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BMW 7-Series can park itself, respond to hand signals (+video)

BMW's innovative new 7-Series will include a lightweight body design, the first use of gesture control for certain functions, and remote parking control. That will make the next BMW 7-Series the first production vehicle that can park itself, including in spaces so tight that a human couldn't open a door to exit.

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    The company logo of car manufacturer BMW on a car in Munich, Germany. The newest BMW 7-Series will include the first use of gesture control for certain functions, essentially a driver or passenger making hand motions in the air.
    Matthias Schrader/AP/File
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The BMW i3 electric car and i8 plug-in hybrid sport coupe are audacious examples of advanced technology in many ways.

Not the least of it are body shells made of carbon-fiber reinforced plastic (CFRP) mounted atop an aluminum rolling platform carrying the powertrains and crash structures.

BMW has said that in due course, the plug-in cars' advanced technology would migrate into its higher-volume mainstream production models.

Now we know what one of those models will be: the next generation of the BMW 7-Series full-size luxury sedan.

The company announced at a 7-Series technology preview last week that it would use a lightweight Carbon Core structure for the big sedan.

 The CFRP elements in the body shell save fully 286 pounds (130 kg) over a comparable high-strength steel structure.

In cutaways showing the new body structure, much of the passenger cage appears to be made of CFRP--including some elements backed with steel to form specific members.

BMW had said in 2012 that it would use carbon fiber in the structure of a new 7-Series, following reports that Mercedes-Benz will build a version of its next-generation E-Class with a carbon-fiber structure that could save as much as 770 pounds.

That car has not yet been released, but we can expect additional details this year or next.

Following the industry trend, the new 7-Series will use a number of downsized and turbocharged engines, an eight-speed automatic transmission.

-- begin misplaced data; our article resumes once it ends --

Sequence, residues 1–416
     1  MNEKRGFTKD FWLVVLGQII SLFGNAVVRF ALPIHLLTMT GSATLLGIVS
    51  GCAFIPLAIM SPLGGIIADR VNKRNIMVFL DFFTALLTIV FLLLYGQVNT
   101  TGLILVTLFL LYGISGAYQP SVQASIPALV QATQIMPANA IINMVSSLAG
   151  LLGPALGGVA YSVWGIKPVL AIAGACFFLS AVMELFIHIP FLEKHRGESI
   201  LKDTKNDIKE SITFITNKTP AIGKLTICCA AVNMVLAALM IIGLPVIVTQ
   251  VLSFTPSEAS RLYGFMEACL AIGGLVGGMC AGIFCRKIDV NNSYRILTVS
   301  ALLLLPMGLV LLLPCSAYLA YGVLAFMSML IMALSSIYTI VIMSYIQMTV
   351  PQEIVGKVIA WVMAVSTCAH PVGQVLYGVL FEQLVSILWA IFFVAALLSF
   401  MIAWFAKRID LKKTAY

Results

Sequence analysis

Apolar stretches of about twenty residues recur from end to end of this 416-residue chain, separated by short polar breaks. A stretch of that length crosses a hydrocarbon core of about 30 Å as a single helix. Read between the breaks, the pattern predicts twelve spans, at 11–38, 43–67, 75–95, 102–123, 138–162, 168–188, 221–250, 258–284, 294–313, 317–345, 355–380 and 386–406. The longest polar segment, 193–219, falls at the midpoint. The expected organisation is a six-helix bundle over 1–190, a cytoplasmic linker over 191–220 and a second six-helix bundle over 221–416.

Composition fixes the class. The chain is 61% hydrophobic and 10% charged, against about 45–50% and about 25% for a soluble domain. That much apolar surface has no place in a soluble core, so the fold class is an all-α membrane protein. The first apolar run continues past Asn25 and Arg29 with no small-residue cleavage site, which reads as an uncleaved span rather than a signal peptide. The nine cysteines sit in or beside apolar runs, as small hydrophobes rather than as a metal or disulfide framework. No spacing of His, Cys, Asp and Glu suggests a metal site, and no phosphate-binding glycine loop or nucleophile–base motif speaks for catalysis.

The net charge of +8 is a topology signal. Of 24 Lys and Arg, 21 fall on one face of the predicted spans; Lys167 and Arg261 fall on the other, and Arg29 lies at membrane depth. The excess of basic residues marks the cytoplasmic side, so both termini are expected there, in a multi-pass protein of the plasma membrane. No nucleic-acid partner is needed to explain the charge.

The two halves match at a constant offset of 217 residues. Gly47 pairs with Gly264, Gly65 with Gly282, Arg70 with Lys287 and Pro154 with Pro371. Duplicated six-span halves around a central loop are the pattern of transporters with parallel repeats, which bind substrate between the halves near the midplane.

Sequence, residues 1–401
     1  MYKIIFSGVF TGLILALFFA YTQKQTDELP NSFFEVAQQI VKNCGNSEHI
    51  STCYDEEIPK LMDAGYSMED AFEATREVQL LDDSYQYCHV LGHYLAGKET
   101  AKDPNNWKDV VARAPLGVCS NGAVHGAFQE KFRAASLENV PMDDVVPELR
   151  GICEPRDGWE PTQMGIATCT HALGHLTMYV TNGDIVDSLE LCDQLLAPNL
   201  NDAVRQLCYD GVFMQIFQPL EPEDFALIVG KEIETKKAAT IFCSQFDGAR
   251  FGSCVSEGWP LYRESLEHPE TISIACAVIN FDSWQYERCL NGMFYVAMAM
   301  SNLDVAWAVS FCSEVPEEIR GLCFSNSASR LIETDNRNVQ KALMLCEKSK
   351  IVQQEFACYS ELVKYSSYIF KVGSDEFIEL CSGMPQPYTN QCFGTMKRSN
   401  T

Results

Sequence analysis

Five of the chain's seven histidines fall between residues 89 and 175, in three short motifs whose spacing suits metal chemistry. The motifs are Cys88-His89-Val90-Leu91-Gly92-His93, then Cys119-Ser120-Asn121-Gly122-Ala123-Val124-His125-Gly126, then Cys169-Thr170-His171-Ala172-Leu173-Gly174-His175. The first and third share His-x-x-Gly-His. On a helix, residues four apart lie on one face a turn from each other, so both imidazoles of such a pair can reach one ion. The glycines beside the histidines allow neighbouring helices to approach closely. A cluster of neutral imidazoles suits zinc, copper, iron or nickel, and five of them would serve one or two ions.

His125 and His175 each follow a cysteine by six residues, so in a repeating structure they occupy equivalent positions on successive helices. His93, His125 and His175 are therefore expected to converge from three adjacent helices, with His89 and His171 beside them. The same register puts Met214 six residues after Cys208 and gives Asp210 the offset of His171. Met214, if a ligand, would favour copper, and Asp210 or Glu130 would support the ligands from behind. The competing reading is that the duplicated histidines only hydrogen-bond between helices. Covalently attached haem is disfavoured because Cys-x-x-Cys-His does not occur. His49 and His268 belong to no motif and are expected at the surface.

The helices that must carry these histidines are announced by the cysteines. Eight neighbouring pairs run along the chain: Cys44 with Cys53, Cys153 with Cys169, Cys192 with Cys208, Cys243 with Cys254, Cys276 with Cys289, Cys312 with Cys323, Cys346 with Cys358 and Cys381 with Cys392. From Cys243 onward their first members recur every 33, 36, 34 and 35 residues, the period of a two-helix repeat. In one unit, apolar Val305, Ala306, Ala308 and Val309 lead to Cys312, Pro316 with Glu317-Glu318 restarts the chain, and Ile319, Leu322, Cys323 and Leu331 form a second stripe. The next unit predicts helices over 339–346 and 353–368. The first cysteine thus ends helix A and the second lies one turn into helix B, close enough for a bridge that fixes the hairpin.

While the company didn't say anything about a plug-in hybrid model, the lineup is bound to include one or more--possibly using the company's next-generation Power eDrive system.

Competitor Mercedes-Benz already offers a plug-in hybrid version of its own S-Class large sedan, and is steadily spreading the system across other vehicles in its range.

Meanwhile, the Cadillac CT6 plug-in hybrid model launched today at the Shanghai Motor Show uses a far larger battery pack and will likely provide far higher electric range than any of the German competitors.

Other innovative features on the new 7-Series will include the first use of gesture control for certain functions, essentially a driver or passenger making hand motions in the air.

It will also include Remote Parking control, which the driver will activate using a new display key after getting out of the car.

That will make the next BMW 7-Series the first production vehicle that can park itself, including in spaces so tight that a human couldn't open a door to exit.

For more details on the upcoming 7-Series, Green Car Congress has summarized the full BMW announcement.

The Christian Science Monitor has assembled a diverse group of the best auto bloggers out there. Our guest bloggers are not employed or directed by the Monitor and the views expressed are the bloggers' own, as is responsibility for the content of their blogs. To contact us about a blogger, click here. To add or view a comment on a guest blog, please go to the blogger's own site by clicking on the link in the blog description box above.

 
 
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